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a Bible passage
6. Thy seed shall be a stranger. Stephen putteth the Jews in mind in how miserable and reproachful an estate their fathers were in Egypt; and showeth that this their servitude, wherewith they were oppressed, came not by chance; because it was foretold long before by the oracle of God. This history ought to have been of great force, partly to tame their lofty courages, 380380 “Feroces illorum spiritus,” their fierce tempers. and to teach them modesty; partly to set forth the grace of God, because God had always had a care of that nation. For this is a singular benefit, in that the people are restored wonderfully, as it were, from death to life. In the mean season, the Jews are taught that the Church of God was elsewhere than in the land wherein they dwelt; that the fathers were chosen to be a peculiar people, and that they were kept safe under the tuition of God, before ever the temple was built, or the external ceremonies of the law were instituted.
These things appertain unto the general scope or drift of the sermon. But hence may we gather a profitable admonition. Bondage is of itself hard and bitter; but when cruelty of masters is added thereunto, it seemeth to be intolerable. Wherefore, it must needs be that the mind of the godly man was sore wounded, when he heard that his seed should serve, and be villanously and cruelly entreated, Moreover, this was no small trial; forasmuch as these things were, to look to contrary—the inheritance of the land of Canaan which was now promised, and bondage in a strange country. For who would not have thought that God had, as it were, forgotten his former promise, when as he telleth Abraham that his seed shall endure miserable bondage? He saith, at the first, that he will give his seed the land. But he had as yet no seed; yea, all hope of seed was now cut off. But when doth he promise that he will give it? After his death. By and by he saith, that that seed should be carried away to another place, that it may serve strangers. And how long? Four hundred years. Doth he not seem, by this means, to pull back his hand, that he may not perform that which he had promised?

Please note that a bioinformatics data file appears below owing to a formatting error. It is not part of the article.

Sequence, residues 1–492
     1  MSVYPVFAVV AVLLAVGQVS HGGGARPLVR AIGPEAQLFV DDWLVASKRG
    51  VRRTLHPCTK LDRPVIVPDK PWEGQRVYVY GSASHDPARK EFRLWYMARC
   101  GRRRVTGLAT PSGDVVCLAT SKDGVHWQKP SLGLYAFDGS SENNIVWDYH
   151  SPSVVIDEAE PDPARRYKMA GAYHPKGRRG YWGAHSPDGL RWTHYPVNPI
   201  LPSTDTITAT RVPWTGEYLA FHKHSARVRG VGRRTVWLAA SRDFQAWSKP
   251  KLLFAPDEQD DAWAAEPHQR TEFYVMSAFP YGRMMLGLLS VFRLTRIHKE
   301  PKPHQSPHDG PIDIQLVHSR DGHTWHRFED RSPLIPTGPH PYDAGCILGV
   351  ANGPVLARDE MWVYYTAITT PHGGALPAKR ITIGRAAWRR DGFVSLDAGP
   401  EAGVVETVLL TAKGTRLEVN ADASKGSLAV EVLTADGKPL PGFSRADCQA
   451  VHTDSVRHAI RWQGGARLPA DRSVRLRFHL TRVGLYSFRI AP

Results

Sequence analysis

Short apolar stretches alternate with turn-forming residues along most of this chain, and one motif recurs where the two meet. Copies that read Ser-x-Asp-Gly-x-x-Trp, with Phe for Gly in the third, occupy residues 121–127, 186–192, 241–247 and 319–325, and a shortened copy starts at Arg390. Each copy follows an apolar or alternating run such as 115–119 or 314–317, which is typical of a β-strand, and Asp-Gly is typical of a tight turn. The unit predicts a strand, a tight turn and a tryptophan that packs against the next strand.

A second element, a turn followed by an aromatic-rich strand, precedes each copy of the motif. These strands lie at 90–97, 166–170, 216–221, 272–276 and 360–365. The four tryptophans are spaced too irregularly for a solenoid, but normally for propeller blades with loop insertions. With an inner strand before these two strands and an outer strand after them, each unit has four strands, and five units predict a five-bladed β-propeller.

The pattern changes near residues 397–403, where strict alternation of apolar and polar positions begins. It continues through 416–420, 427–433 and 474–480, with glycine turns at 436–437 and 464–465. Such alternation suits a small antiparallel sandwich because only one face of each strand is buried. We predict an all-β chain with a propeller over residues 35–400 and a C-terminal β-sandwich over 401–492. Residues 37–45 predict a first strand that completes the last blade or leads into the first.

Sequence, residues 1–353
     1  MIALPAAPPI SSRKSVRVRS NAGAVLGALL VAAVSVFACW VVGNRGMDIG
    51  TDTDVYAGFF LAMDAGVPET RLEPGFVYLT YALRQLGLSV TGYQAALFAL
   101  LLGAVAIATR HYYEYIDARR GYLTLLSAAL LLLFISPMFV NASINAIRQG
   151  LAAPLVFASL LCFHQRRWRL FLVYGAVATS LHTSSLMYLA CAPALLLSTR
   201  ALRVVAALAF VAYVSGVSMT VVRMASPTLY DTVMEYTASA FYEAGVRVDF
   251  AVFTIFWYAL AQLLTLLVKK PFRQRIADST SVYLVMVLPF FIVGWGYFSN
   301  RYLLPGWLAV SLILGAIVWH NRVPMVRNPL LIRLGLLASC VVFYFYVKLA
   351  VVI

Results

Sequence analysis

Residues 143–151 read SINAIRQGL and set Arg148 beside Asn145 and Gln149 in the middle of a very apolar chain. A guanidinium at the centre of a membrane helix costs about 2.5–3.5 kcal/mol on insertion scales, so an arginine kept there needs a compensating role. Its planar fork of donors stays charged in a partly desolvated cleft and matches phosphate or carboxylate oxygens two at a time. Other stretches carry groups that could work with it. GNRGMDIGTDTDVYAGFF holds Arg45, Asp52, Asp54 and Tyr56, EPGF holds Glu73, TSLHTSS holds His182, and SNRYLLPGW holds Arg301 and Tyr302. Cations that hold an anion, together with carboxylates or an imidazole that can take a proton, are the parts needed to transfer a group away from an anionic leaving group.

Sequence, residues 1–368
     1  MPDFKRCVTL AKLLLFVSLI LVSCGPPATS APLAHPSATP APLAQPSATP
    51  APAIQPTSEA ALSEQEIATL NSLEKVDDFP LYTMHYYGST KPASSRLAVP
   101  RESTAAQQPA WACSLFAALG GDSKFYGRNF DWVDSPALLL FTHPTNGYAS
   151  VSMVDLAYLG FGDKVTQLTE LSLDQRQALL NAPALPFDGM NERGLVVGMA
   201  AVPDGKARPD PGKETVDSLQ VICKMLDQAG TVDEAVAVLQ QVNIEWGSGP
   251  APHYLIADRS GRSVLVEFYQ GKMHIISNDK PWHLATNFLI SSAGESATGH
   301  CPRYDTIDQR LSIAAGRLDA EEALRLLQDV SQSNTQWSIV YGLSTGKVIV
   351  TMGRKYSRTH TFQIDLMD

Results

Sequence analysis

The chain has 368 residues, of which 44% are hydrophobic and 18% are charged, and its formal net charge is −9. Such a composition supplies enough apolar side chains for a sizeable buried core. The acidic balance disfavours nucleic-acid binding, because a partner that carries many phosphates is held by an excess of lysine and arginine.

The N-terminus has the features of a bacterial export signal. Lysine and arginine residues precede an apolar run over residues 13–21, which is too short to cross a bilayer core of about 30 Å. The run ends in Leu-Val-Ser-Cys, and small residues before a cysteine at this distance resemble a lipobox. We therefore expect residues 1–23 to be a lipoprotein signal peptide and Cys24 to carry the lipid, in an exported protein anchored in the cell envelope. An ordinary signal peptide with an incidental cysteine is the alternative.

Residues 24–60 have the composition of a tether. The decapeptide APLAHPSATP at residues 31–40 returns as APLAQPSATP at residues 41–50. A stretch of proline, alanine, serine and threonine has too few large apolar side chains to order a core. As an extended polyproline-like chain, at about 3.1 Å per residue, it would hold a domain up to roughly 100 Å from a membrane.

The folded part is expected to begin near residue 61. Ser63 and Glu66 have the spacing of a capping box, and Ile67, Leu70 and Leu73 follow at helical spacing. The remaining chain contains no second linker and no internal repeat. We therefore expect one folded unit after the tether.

Let us know that this was done, (not once only,) for God dealeth oftentimes with us thus, so that he may seem contrary to himself; and he speaketh also in such sort as that he may seem to call back 381381 “Retractare,” to retract. that which he had promised. Therefore, it cannot be but that flesh will judge that he is contrary to himself; but faith doth know that his words do agree well together amongst themselves, and with his works. And this is the purpose of God, to the end he may extend the sight of our faith the farther, to show his promises afar off, as it were, a long place [space] being put between. Therefore it is our duty to go forward, and to strive to attain unto that salvation which is set before us through many straits, 382382 “Per innumeros anfractus,” though innumerable wanderings. through divers lets, through long distance, through the midst of deeps, and, finally, through death itself. Furthermore, seeing that we see that the people which God had chosen did serve the Egyptians, and was uncourteously 383383 “Inhumaniter,” inhumanly. afflicted, we must not be discouraged if the like condition be prepared for us at this day. For it is no new thing, neither any unwonted thing, for the Church of God to lie oppressed under tyranny, and to be, as it were, trodden under foot of the wicked.